Aussie billionaire Andrew Forrest targeted in a deepfake crypo scam

Aussie billionaire Dr Andrew Forrest has lashed at Facebook’s parent company Meta after he was featured in a deep fake crypto video scam.

The businessman and mining magnate, nicknamed Twiggy, had his identity used to spruik a get-rich-quick scheme with the ad circulating on Instagram.

The manipulated video, that surfaced late last month on the Meta-owned platform, shows ‘Dr Forrest’ urging users to sign up for a fraudulent platform that promises to make “ordinary people” thousands of dollars daily.

It then takes victims to a website called “Quantum AI,” which has become a synonymous name associated with scams and financial fraud, according to Cybertrace — the intelligence-led cyber investigations company that identified the scam video.

Deep fake AI is a type of artificial intelligence used to create convincing but fake photos and videos — with anyone potentially becoming a target.

The clip was carefully edited from a Rhodes Trust “fireside chat”, changing Dr Forrest’s appearance and behaviour to make him look like he’s promoting software for trading cryptocurrencies.

However, it’s all fake and experts have warned Aussies to be weary.

Cybertrace CEO Dan Halpin described the 11-minute clip that has now been removed as “quite sophisticated”, telling news.com.au Aussies could easily fall victim to its convincing nature.

“The quality is good and bad — visually it’s poor but the content and the fact it went for 11 minutes and followed sales and marketing strategies to get its point across, is convincing,” he said.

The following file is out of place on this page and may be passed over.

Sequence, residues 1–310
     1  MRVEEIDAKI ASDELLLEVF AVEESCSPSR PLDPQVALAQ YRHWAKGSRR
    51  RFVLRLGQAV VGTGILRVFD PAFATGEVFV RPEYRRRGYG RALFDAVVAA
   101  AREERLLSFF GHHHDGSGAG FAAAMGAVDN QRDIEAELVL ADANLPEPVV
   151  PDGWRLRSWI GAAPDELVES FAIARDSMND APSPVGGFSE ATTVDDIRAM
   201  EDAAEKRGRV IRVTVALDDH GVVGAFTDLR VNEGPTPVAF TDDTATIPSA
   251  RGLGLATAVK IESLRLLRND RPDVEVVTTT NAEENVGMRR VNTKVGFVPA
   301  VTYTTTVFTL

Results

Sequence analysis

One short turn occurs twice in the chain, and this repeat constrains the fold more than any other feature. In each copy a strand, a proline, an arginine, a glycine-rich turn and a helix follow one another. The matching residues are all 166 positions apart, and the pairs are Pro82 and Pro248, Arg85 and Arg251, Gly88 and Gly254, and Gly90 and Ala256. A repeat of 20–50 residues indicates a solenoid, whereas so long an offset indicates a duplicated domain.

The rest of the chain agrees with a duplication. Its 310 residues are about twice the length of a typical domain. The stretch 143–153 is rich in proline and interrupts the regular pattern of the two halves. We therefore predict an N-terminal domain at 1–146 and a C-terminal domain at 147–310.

Mr Halpin said his company has done a fair bit of work looking into Qantam AI, adding that they come from a marketing background.

“They are a huge syndicate — and not just some random sitting in their garage running software. It is very much a large international organisation,” he said.

“They have a lot of influence in the scheme industry and a lot of money to spend that’s why you’re seeing so many of these deep fakes, because they have the money to produce it.”

In a statement released on Friday, Dr Forrest said it was “reprehensible that Facebook, a company valued at more than $1 trillion USD – makes a ­deliberate business decision to harm Australians”.

He said Meta did this by “refusing to spend the software engineering dollars needed to upgrade their systems to detect these AI ads”.

“That’s what I hope the legal actions I started will address; to make ­social media companies liable for the negligent way they run their ad platforms” he added.

His ongoing battle with Meta began five years ago when he brought criminal charges against the social media heavyweight over scam ads that were run on Facebook.

A number of the clickbait ads allege Dr Forrest secretly made his $27 billion fortune via cryptocurrency trading — and Meta is fighting the criminal charges brought by the billionaire over an alleged cryptocurrency advertising scam using his image that appeared on its site in 2019.

Lawyers for Meta formally pleaded not guilty in the District Court in Western Australia in December to three counts of recklessly dealing in proceeds of crime, The Australian reported.

Dr Forest said he took the legal action on behalf of everyday Aussies to ensure their hard-earned savings were not swindled by scammers.

“Facebook does nothing – that’s what I hope the legal actions I started will address; to make social media companies liable for the negligent way they run their ad platforms,” he continued in the statement.